A postdoctoral position is available at the University of Arkansas for Medical Sciences for advanced training in addiction research and implementation science.

    The position is funded by a NIDA-supported T32 “Translational Training in Addiction.”  The fellowship program offers training opportunities in basic, clinical, and implementation research, and offers opportunities for fellows to collaborate with faculty and other fellows across the translational continuum.  The open position will be filled by a fellow interested in implementation science.  Opportunities exist to work with senior implementation scientists on existing and/or new implementation-focused projects, e.g., developing and testing implementation strategies, observational studies of real-world implementation, hybrid clinical effectiveness-implementation trials, and preliminary research on barriers/facilitators to implementation.  Fellowship-supported didactics will offer training in implementation science and addiction research.  Successful candidates should have a PhD in relevant fields such as psychology, social work,  nursing, public health, sociology, anthropology, or other related disciplines.  Interested candidates should contact Geoff Curran, PhD (, Professor and Director, Center for Implementation Research, University of Arkansas for Medical Sciences, Little Rock, AR. 


  • Applications are invited for a postdoctoral fellowship under the direction of Assistant Professor Dr. Cara Lewis in the Department of Psychological and Brain Sciences at Indiana University, Bloomington Campus. This position is made possible through NIMH funding of 2 D&I-focused R01s (2nd is contingent upon funding availability): (1) Standardized vs. Tailored Implementation of Measurement Based Care for Depression and (2) Advancing Implementation Science through Measure Development and Evaluation. The postdoctoral research associate will be involved in all aspects of the R01 research processes and in the Society for Implementation Research Collaboration. Strong applicants will have a PhD in psychology, experience and demonstrated effectiveness in implementation research, experience working in the context of an academic-community partnership, knowledge of measure development processes, experience serving as project lead or coordinator on federally funded projects, and excellent time management, organizational, interpersonal, and communication skills.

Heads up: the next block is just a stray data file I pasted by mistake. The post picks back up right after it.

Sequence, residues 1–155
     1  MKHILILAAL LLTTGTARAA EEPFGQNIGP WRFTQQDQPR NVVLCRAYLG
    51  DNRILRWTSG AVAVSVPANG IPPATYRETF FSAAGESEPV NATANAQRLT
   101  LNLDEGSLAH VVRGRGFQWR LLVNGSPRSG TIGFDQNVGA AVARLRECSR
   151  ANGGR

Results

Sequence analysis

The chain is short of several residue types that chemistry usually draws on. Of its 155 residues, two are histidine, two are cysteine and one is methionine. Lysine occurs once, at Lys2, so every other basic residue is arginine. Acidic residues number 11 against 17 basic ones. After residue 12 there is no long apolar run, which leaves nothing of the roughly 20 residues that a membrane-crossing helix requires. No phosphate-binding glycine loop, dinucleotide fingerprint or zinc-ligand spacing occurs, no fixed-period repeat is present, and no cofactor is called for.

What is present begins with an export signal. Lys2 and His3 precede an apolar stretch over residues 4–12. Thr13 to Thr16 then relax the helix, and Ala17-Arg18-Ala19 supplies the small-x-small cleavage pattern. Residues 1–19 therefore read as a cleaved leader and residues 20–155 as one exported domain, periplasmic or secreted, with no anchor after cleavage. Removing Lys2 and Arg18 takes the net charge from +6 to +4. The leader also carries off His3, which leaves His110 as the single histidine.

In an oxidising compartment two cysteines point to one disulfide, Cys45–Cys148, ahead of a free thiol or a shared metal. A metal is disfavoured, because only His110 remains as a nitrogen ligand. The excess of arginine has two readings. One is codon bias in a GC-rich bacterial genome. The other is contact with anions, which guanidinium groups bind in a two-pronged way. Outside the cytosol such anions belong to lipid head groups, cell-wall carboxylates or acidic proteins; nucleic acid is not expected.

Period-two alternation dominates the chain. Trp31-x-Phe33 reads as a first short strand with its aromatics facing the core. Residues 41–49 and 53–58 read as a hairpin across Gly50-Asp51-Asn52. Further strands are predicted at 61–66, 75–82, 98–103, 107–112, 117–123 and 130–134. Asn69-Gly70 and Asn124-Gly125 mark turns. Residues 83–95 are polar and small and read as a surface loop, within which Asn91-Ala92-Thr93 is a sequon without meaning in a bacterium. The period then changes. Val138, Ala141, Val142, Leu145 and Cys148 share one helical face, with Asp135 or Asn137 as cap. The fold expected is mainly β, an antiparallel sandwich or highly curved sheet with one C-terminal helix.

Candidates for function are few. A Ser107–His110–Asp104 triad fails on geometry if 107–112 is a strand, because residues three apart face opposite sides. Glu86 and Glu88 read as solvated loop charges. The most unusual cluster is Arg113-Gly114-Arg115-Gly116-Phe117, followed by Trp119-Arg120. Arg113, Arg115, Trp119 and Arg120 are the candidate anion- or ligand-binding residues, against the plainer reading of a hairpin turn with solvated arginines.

Interested applicants should submit (1) a maximum 2-page statement of interest, (2) updated curriculum vitae, (3) one pre- or reprint you feel would help to demonstrate your research proficiency, and (4) three professional references to Dr. Cara Lewis ( Application review will begin April 1, 2015 and continue until the position is filled. This is a 100% FTE position. The stipend and benefits are competitive. This position is expected to begin summer 2015. The initial appointment will be for 1 year, but a multi-year appointment is possible, and desirable, with renewals. For more details please visit our webpage:

    At the Department of Public Health Sciences we conduct research, teaching and consultancy on the basis of the concepts of public health and epidemiology. The research is focused on health problems in the population and how to combat these through preventative social measures and the development of suitable health care systems.
    The activities have a strongly international character. The Department consists of approximately 140 employees who are divided into research groups which operate within the fields of global health, public health epidemiology and social medicine. In addition, we have approximately 100 research students.
    Area of responsibility/working tasks
    We are looking for an experienced professor competent researcher with wide-ranging skills in implementation science and academic teaching. The successful candidate will lead development of this research area within the department. The new professor will be expected to attract external funding, drive forward research programmes as the head researcher and teach in global and public health on both second- and third-cycle programmes. Duties also include participating in implementation projects at the Stockholm County Council Centre for Epidemiology and Public Health.